Saturday, March 26, 2011

Survivalism as a Hobby

Back when I went through SERE Level D (Survival Evasion, Resistance, and Escape) school in the Navy, I didn't pay that much attention to the survival part of the training, because we all had heard that the resistance part was what separated the men from the boys.

Now I'm looking into what it takes to survive in North America if we had to be totally self-reliant - no grocery store, water off, power off, bad guys prowling around looking to take your stuff. The issues and challenges are significant.

Planning: you have to plan ahead, and stockpile all kinds of stuff.

Weight: The stuff you need is heavy, and you may have to pack it and carry it with you.

Shelter: Again, you may have to carry your shelter.

Food: You can hunt, but you also need to carry freeze dried food or MRE's.

Weapons: They're heavy, ammunition more so.

Fitness: It's hard to walk over rough terrain carrying all your stuff.

Flee or stay: Might be better to try to tough it out in your house, but people may well attack you there to try to take your stuff.

Plenty has been written about how to survive when things go completely uncivilized and full bore crazy. This post isn't that.

The more I think about how to survive that kind of mess, the more I think I need one of these:

Fisher 34 Motor Sailor

This is a blue water capable brick shithouse of a sailboat with a large cargo carrying capacity, and a pilothouse to keep you out of the elements. It's safe and comfortable at sea in any weather. You can safely and confidently cross oceans in this boat, and many people have.

The ketch rig is good for shortening sail in a blow. This is not a speed demon, but making 5 knots under sail 24 hours a day for days on end gets you there, 125 NM a day.

So, as part of my survival hobby, I've thought about how this boat contributes to survivability.

Weight: All of a sudden, weight isn't such an issue. Want that big shotgun and 500 rounds? No problem. Bring books, too, all the ones you always meant to read. You'll have time for that now.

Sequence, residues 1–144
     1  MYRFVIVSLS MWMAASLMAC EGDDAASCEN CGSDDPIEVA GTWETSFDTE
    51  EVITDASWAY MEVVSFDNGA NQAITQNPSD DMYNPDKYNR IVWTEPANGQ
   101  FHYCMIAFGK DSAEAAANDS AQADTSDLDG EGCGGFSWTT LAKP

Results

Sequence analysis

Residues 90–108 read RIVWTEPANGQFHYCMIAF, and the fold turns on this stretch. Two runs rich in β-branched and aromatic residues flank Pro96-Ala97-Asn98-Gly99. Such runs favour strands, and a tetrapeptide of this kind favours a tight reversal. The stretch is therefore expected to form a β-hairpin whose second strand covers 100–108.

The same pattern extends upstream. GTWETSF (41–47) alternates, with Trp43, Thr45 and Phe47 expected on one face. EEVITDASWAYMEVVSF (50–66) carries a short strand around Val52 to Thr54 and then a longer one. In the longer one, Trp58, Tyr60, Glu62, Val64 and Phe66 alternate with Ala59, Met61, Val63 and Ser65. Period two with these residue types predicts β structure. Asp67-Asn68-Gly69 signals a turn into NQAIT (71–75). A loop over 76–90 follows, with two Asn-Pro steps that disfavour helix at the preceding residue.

Shelter: A nice soft berth, and an indoor steering station. Never be wet or cold again.

Food: The V-berth can hold a year's worth of freeze-dried food for two, and the bilge an ungodly amount of canned goods. A decent watermaker will produce much more water than two to four people need every day. You can fish all day, underway, just by trailing a line and a lure astern, and probably catch a big fish a day.  Hell, pack some cases of wine aboard, why not?

Weapons: All you want. Big, dangerous ones. Lots of ammunition.

Fitness: Steering is easy. Getting sails up is easy. Fishing is easy. You'll be well-rested to boot.

Flee or stay: If you're on the boat, you've fled.

This boat needs some easy to make changes. Solar panels for electricity, A good life raft, materials to self rescue in case of rig or hull failure, as far as one wants to go down that road.

Bad Guys: 200 miles offshore, no bunch of bubbas in a bass boat with guns are going to come along to try to take your stuff. World navies might molest you, as might other blue water craft, but I think it's unlikely.


Cost: This is a fairly expensive boat, $50K-$200K depending on size (30 to 37 feet) and age/condition. All blue water boats cost a lot of money. Also hard to find in the US. Lots in Europe though.

Flight Decision: You probably have to leave before it gets really bad, or people will try to stop you and take your stuff. You don't want to have to win a firefight just to get offshore.

Here's one with a nice layout, very livable:

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